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A Comprehensive Clinicopathologic Analysis Suggests that Vascular Endothelial Growth Factor (VEGF) is the Most Likely Mediator of Periosteal New Bone Formation (PNBF) Associated with Diverse Etiologies

Author(s): Meredith A. Lakey | Michael J. Klein | Ona M. Faye-Petersen

Journal: Clinical Medicine : Arthritis and Musculoskeletal Disorders
ISSN 1178-1149

Volume: 1;
Start page: 43;
Date: 2008;
Original page

Keywords: periosteal new bone formation | vascular endothelial growth factor | VEGF | periosteum | periostitis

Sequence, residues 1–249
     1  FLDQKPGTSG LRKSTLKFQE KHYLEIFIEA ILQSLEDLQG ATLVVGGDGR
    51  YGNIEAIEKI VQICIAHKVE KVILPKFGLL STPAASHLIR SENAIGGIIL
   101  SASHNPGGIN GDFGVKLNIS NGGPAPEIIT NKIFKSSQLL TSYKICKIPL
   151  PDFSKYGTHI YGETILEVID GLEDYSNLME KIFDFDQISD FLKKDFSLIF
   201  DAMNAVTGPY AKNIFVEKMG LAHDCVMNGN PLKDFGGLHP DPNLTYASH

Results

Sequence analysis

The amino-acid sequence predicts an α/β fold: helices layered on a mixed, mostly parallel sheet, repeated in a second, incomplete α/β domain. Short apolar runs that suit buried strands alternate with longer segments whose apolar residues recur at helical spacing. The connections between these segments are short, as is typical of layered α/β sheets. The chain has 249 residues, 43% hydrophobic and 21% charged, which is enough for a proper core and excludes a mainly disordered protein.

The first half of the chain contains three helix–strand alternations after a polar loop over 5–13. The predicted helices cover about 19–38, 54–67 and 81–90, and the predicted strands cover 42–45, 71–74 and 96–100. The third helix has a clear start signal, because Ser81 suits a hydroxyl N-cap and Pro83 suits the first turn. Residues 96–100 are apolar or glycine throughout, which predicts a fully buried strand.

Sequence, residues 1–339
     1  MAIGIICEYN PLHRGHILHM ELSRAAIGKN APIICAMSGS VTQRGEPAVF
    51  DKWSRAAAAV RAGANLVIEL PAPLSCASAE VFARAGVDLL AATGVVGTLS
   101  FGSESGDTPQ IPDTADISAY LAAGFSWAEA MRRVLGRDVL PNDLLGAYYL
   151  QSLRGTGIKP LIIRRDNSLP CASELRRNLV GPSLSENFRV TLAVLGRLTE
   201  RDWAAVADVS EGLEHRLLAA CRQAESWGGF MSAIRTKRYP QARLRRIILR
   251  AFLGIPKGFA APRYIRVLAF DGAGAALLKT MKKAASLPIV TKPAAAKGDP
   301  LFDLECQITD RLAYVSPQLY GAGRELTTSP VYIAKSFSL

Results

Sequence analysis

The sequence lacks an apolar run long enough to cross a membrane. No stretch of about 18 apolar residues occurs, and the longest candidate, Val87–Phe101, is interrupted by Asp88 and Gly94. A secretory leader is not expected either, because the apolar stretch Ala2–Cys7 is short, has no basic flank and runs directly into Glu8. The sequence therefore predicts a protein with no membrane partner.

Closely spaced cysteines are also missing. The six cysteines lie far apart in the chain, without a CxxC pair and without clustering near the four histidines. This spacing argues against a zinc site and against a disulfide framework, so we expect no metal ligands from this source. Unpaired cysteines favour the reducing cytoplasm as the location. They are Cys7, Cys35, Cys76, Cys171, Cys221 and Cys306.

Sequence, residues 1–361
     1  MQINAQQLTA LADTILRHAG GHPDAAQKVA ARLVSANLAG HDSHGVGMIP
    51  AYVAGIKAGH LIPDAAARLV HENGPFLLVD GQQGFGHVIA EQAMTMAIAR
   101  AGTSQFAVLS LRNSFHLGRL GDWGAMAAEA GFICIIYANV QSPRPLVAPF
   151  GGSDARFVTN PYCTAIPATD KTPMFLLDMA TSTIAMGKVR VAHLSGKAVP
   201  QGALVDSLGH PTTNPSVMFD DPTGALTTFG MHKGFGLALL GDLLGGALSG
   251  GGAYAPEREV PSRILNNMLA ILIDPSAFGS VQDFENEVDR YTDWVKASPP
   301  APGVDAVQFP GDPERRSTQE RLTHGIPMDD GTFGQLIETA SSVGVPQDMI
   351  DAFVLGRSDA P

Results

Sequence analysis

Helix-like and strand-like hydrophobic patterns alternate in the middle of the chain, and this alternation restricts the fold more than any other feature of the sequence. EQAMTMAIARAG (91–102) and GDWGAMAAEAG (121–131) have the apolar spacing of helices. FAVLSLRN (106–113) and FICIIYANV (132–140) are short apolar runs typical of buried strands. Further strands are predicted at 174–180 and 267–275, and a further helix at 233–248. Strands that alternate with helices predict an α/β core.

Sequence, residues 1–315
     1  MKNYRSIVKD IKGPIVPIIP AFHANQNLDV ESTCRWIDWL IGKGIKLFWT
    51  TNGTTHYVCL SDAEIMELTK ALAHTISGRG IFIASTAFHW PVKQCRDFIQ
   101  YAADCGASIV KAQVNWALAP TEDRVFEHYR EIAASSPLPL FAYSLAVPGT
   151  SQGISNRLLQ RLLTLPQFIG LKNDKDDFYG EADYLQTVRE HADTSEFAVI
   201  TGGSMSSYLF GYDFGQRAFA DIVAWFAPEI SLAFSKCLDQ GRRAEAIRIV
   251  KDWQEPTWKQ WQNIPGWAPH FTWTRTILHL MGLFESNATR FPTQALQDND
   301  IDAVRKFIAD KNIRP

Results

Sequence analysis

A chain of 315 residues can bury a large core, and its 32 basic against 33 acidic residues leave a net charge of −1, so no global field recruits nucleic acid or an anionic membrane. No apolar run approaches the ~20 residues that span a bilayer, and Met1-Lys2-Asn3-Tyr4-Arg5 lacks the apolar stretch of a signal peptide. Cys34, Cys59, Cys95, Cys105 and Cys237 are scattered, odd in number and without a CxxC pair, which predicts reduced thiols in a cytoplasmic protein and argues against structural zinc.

Periosteal new bone formation (PNBF) is the means by which appositional bone growth normally takes place on the surfaces of compact bone. Alterations in the periosteal microenvironment trigger complex interactions between osteoblasts and endothelial cells to promote PNBF. Physiologic processes like mechanical stress result in normal PNBF; but, a variety of pathologic processes result in excessive PNBF. The production of sufficient bone to be detectable by conventional radiography is a common feature of diverse etiologies, including infection; inflammation; prostaglandin E2 administration for ductal-dependent congenital heart disease; metabolic and hormonal abnormalities; neoplasms; fracture repair; systemic hypoxia; and hypertrophic osteoarthropathy. While the clinical settings and distribution of affected bone sites in these conditions are different, the histopathology of the PNBF is essentially identical; so, it seems logical that a common pathway might mediate them all. By combining the observations and insights gained from osseous research and studying the clinical pathology of these diverse conditions, we constructed a comprehensive pathway to explain PNBF. In doing so, it seems likely that Vascular Endothelial Growth Factor (VEGF) is the most likely common mediator of the pathways that lead to PNBF.
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